Houston reigns as the largest city in Texas and the fourth largest in the United States, but it hasn’t always enjoyed top billing.
In 1832 brothers Augustus C. and John K. Allen came to Texas from New York and joined a group of land speculators. During the 1836 Texas War for Independence from Mexico, the Allen brothers outfitted, at their own expense, a ship to guard the Texas coast and to deliver troops and supplies for the Texas army. Their operation along the coast offered an opportunity to look for a good site for a protected deep-water port.
Some stories claim that after Texas won independence from Mexico in April 1836, the brothers tried to buy land at Texana, a thriving inland port at the headwaters of the Navidad River located between present Houston and Corpus Christi. Despite a generous offer, the landowner countered with a demand for double the price. One of the brothers reportedly became so angry that he climbed on a nearby stump and declared, “Never will this town amount to anything. I curse it. You people within the sound of my voice will live to see rabbits and other animals inhabiting its streets.” (Today, Texana rests under an 11,000-acre lake, a recreational reservoir on the Navidad River that is part of Lake Texana State Park.)
Soon, the Allen brothers discovered a site on the west bank of Buffalo Bayou, a muddy stream that wound for fifty miles to Galveston Bay and the Gulf of Mexico. They purchased about 6,500 acres for $9,500 and wisely named the new town for Sam Houston, the hero of the Texas War for Independence and the future president of the republic. By August 1836 the brothers placed newspaper ads claiming the new town was destined to be the “great interior commercial emporium of Texas.” The ads also said that ships from New York and New Orleans could sail to the door of Houston and that the site on the Buffalo Bayou offered a healthy, cool sea breeze. They did not mention the heat and humidity and that Buffalo Bayou was choked with tree branches and logs.
The Allen brothers had the town laid out with wide streets on a grid pattern parallel to the bayou to accommodate their future port, sold town lots at a brisk rate, and generously donated property for churches and other public institutions. The first small steamship arrived in January 1837 after a fifteen-mile journey that took three days during which passengers helped clear logs and snags from the channel. The travelers found a “port city” of twelve inhabitants and one log cabin.
Allen’s slickest advertising ploy turned out to be their bid to get the government of the new Republic of Texas to relocate in Houston by offering to construct, at their own expense, a capitol and to provide buildings for public officials at a modest rental of $75 a month. It worked. By the time the government moved to Houston in May 1837, the town boasted a whopping population of 1,500 and 100 houses.
When travelers arriving in Houston found food and accommodations in short supply, the Allen brothers opened their large home, free of charge. Their accountant estimated the hospitality cost the Allen brothers about $3,000 a year, but the expense brought rich returns.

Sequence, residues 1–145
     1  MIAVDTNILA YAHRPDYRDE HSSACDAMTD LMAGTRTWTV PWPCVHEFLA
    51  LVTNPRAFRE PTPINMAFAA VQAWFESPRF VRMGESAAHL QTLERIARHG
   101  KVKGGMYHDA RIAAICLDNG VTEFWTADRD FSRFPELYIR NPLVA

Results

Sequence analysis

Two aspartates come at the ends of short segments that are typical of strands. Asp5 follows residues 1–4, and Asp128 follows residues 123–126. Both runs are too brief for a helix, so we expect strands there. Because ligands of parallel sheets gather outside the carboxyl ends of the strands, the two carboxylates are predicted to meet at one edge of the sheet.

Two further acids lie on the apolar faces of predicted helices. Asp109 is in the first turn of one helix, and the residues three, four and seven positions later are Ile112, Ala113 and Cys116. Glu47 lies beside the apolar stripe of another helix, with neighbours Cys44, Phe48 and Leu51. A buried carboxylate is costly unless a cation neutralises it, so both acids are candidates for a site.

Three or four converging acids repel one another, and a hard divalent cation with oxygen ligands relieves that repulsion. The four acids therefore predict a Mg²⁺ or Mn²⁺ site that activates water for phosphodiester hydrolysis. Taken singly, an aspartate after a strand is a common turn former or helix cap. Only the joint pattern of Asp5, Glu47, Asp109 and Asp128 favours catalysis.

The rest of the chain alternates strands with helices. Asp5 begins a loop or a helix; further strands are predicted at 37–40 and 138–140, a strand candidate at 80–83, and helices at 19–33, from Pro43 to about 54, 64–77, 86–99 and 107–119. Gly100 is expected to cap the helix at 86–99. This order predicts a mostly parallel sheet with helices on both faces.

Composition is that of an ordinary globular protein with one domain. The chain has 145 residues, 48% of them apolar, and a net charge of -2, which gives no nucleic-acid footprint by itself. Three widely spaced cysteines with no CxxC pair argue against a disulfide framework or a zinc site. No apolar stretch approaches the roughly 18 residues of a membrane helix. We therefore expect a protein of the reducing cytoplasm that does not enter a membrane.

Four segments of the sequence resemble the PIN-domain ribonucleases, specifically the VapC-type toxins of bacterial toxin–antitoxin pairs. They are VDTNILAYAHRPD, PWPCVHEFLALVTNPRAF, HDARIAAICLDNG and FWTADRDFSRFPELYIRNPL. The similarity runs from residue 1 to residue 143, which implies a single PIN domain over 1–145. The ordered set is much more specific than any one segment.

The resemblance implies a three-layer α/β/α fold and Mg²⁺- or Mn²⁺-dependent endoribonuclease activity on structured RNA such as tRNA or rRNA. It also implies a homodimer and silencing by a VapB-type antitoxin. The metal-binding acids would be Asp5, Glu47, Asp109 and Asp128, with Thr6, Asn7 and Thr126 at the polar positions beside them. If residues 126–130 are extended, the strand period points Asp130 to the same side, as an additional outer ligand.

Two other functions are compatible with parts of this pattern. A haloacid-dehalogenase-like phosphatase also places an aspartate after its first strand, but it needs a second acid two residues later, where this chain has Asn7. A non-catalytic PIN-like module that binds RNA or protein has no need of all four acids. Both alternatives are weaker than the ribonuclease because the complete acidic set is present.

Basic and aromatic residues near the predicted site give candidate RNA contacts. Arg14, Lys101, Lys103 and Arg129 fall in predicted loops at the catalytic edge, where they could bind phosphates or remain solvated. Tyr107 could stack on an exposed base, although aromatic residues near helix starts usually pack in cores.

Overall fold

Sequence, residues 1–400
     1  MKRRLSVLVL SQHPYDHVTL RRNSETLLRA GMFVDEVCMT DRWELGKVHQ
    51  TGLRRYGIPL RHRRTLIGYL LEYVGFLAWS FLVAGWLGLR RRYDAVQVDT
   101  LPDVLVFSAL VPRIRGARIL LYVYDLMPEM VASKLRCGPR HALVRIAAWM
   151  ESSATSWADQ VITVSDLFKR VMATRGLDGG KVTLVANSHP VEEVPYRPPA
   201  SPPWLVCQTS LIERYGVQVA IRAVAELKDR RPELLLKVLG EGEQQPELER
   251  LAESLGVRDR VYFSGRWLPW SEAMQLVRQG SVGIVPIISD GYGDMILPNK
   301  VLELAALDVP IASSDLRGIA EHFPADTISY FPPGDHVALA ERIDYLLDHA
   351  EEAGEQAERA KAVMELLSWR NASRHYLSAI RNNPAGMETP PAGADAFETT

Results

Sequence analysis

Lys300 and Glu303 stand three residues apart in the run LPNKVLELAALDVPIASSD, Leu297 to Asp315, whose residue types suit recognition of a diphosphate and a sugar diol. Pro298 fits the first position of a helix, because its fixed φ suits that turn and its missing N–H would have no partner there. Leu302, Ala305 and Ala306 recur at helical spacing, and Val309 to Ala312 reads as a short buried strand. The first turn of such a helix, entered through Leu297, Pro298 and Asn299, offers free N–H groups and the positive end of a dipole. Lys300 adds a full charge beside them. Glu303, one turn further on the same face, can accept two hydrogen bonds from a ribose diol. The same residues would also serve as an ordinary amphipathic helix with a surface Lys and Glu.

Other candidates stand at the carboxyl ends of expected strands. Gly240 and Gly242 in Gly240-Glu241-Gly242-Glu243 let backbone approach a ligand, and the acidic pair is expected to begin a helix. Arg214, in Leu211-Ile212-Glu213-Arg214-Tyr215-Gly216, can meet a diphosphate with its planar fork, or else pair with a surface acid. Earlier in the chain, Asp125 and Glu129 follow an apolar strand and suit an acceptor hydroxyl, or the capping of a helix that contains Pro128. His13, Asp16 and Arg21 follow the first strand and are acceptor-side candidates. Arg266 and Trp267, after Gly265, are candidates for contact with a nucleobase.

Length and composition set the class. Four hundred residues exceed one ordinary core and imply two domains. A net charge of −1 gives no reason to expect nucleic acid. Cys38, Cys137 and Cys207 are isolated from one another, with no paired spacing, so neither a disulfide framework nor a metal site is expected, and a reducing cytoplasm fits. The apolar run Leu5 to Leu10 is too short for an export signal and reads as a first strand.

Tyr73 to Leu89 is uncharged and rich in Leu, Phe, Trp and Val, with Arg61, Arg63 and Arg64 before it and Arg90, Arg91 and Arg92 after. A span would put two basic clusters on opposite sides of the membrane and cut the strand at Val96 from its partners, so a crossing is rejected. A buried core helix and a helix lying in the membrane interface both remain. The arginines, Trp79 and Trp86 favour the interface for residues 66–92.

The brother’s deal to provide the capitol and all the official office space carried the stipulation that if the government moved from Houston, the property reverted to the Allen brothers. In 1839 the Texas government moved again from the bogs along the coastal prairie to Waterloo, a tiny wilderness town on the edge of Comanche country in Central Texas that was renamed Austin.
With the loss of the capital, Houston plunged into financial turmoil that threatened to bankrupt the city. Multiple yellow fever epidemics hurt the town’s image along with a growing reputation for drunkenness, dueling, brawling, and prostitution. In the midst of it all Houston welcomed the Masons; Presbyterians and Episcopalians organized churches; and the town became the seat of county government. Businessmen invested in the cotton trade; small steamboats ferried supplies to and from the thriving seaport at Galveston; and enterprising merchants used ox wagons to haul goods to settlers in the interior and to return with cotton and other farm commodities.
Following years of regular dredging and widening of Buffalo Bayou to accommodate larger ships, the Houston Ship Channel finally opened in 1914, creating a world class waterway that helped Houston become the “great interior commercial
emporium of Texas” just as the Allen brothers advertised in 1837.
Despite spending five years in the Edna/Inez/Louise area, I had no idea that the Lake Texana I sailed on in a small boat had all that under the surface of the water. Now that I think about it, that’s a bit like history generally. There’s always something unseen, and something more to dredge up.
From what I remember, the curse worked. That poor lake spent years overcome by water hyacinth, hydrilla, cattail, pondweed, and bulrush. It may still be so.
I agree. So much is hidden and we continue to make new discoveries. Isn’t it fun!
I enjoyed learning about the history of Houston. It’s interesting how Houston (and other cities in the Midwest) began and developed.
Thanks for commenting, Sheryl. I agree. The beginnings of so many places are fascinating.
I think I’d like Mr. Allen’s advice on selling books. It sounds like he could sell anything. I’m so glad you mentioned “returning to Houston” in the above reply. It’s amazing how you can return hom and not recognize where you are. Another great piece.
You are right, Barb. The past changes just like we do. It is still shocking. Thanks for following.
I’ve always wondered why anyone would live in Houston. I still do.
I lived there until 1967. I was back last week to speak to my high school’s alumni association. I found the school only because I recognized the street name. Nothing else. I felt like a country bumpkin amid the towering buildings and roaring traffic.
LikeLiked by 1 person